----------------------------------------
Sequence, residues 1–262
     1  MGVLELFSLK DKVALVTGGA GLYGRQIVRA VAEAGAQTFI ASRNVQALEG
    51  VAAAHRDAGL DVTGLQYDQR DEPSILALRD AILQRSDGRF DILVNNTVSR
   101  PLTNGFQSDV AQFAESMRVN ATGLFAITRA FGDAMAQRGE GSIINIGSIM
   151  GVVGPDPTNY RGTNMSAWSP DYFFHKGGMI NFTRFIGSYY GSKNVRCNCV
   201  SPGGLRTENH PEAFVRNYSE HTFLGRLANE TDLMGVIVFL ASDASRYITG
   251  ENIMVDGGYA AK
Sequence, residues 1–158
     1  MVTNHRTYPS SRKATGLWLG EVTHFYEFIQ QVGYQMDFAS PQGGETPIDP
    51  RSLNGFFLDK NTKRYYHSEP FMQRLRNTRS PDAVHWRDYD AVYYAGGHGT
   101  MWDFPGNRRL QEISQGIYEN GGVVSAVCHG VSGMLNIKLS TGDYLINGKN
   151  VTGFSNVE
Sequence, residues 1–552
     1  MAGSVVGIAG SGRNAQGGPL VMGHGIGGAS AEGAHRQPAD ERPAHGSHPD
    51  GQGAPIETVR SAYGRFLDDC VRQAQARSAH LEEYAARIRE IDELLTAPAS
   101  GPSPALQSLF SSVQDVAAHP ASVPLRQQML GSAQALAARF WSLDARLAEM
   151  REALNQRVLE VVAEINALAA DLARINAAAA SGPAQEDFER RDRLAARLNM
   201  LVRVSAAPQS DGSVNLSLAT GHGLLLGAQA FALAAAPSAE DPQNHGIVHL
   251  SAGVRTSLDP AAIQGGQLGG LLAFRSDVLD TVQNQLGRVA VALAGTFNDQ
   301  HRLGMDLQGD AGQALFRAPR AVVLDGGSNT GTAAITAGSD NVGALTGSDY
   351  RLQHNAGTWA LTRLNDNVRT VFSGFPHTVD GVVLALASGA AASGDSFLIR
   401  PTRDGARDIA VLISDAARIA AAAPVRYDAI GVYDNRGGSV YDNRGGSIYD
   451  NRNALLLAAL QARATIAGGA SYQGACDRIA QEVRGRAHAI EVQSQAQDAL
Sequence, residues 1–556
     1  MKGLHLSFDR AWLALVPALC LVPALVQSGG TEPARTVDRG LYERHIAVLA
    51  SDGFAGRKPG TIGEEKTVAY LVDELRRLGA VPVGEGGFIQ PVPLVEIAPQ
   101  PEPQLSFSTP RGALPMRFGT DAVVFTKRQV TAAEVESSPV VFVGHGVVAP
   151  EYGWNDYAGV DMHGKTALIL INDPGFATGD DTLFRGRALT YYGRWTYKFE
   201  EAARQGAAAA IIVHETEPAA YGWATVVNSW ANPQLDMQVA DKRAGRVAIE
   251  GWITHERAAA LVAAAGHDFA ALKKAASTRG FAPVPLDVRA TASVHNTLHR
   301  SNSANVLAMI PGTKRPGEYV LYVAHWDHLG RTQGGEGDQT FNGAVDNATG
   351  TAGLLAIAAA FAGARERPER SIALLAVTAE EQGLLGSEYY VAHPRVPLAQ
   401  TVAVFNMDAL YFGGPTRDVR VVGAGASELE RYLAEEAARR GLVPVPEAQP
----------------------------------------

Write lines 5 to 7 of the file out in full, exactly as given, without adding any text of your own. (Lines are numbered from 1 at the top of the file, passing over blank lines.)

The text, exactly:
   151  GVVGPDPTNY RGTNMSAWSP DYFFHKGGMI NFTRFIGSYY GSKNVRCNCV
   201  SPGGLRTENH PEAFVRNYSE HTFLGRLANE TDLMGVIVFL ASDASRYITG
   251  ENIMVDGGYA AK